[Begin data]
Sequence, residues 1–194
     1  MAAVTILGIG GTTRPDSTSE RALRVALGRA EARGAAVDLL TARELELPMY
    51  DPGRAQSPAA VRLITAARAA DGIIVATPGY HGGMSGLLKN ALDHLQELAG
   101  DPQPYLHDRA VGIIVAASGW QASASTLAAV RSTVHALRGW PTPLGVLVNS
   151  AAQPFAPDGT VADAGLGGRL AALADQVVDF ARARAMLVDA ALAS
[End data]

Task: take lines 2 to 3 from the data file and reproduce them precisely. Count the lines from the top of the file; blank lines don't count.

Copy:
     1  MAAVTILGIG GTTRPDSTSE RALRVALGRA EARGAAVDLL TARELELPMY
    51  DPGRAQSPAA VRLITAARAA DGIIVATPGY HGGMSGLLKN ALDHLQELAG